Want to be more comfortable at your desk? Buy a footstool (most maternity and baby stores carry them), and use it to relieve pressure on your hip joints and lower back.
Vigorous exercise keeps you strong during pregnancy, but it can be dangerous for women with certain pregnancy complications. Ask your doctor's advice about exercise if you develop preclampsia (pregnancy-induced high blood pressure), are expecting more than one baby, are at risk for preterm labor (or have previously given birth prematurely), have an incompetent cervix, or have had some vaginal bleeding.
Becoming a parent for the first time arouses fear in even the fearless, from the smallest concern (Will I know how to change a diaper?) to the biggest (Can I keep my baby safe and healthy?). Whenever you feel overwhelmed, discuss your worries with your partner; when he's the one wrestling with looming responsibilities, let him vent. Someone who cares as much as you can assuage each other's concerns simply by listening.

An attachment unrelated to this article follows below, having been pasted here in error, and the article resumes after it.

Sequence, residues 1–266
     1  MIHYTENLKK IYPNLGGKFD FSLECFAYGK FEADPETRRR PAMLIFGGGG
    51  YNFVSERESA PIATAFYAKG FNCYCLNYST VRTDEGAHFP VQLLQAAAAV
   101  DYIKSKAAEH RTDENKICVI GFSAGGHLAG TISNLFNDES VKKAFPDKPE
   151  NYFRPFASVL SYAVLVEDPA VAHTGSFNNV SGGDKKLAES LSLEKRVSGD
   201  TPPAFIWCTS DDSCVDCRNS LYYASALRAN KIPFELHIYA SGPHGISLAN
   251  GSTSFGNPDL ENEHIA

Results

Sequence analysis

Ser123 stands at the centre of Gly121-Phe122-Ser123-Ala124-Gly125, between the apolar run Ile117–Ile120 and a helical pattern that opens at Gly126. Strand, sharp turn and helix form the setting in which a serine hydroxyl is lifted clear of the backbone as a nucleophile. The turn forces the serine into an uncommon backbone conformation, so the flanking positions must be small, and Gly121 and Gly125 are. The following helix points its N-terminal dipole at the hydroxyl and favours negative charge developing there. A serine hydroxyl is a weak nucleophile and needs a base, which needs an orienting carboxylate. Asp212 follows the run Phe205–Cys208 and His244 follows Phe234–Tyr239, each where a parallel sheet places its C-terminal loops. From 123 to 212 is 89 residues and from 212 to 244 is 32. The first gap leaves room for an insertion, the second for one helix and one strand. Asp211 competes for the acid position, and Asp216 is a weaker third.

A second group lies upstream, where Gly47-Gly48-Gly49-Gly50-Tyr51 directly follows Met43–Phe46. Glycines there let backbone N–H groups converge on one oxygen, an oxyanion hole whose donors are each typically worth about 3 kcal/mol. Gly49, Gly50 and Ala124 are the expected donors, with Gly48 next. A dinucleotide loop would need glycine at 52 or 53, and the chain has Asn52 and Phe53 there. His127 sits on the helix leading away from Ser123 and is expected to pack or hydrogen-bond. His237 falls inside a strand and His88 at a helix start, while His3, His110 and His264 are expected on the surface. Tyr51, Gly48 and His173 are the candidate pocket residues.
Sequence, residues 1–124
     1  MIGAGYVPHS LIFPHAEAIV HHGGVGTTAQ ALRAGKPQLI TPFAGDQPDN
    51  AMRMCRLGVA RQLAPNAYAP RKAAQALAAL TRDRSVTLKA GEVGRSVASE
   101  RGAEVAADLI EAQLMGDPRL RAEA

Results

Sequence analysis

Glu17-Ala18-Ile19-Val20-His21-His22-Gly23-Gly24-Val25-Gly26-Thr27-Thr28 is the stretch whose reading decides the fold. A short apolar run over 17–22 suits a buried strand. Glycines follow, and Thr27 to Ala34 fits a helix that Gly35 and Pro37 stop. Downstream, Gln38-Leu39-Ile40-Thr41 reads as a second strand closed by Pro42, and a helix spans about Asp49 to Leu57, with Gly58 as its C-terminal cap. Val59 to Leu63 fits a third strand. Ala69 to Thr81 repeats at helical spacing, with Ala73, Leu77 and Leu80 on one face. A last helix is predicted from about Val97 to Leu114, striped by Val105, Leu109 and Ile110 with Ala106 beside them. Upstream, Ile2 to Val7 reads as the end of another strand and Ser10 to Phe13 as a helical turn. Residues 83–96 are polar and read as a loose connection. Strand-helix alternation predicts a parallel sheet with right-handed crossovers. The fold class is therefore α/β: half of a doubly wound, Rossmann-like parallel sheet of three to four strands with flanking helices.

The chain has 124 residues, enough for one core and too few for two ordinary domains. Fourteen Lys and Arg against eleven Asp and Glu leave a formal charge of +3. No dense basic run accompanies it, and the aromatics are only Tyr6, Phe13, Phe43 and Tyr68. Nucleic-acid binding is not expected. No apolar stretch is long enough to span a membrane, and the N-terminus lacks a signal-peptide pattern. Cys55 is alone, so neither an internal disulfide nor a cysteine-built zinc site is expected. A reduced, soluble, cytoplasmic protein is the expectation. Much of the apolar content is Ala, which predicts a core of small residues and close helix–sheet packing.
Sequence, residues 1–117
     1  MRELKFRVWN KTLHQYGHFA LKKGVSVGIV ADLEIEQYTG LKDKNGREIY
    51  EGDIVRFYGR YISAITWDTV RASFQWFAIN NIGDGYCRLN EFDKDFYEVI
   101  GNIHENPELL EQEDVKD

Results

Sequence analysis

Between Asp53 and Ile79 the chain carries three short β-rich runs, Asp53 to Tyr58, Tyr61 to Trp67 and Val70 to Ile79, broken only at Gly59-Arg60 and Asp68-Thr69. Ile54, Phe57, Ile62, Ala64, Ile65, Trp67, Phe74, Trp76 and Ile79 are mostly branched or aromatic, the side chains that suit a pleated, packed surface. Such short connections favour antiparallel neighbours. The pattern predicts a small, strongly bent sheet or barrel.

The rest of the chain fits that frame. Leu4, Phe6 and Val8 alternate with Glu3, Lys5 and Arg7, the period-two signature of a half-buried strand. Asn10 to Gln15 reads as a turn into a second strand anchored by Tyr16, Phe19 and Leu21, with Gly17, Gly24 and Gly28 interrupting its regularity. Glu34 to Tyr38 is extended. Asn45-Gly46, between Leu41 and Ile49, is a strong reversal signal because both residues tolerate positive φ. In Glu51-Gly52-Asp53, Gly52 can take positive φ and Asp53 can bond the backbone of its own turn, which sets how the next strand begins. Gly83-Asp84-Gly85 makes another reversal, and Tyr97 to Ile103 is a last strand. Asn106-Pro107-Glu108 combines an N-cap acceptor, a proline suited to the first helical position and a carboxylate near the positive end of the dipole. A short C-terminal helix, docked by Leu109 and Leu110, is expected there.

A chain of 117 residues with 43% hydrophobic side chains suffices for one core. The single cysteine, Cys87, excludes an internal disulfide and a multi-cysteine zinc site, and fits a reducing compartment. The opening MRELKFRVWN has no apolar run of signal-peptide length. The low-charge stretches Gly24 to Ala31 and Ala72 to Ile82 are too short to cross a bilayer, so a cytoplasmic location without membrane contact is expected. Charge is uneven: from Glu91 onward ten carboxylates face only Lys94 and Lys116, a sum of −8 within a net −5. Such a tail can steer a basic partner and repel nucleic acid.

If your children will share a room, ask your firstborn how she might like it reconfigured. Set aside an area--a corner or a space marked off by a special rug--just for her, and reassure her that she needn't share everything she owns with the baby.
Women pregnant with twins are at an increased risk of delivering early, and next week begins an especially vulnerable time. Ask your health-care practitioner to assess your risk of premature delivery and to recommend preventive measures, if necessary. If your doctor says your pregnancy is progressing well, chances are good you'll deliver near or at full-term.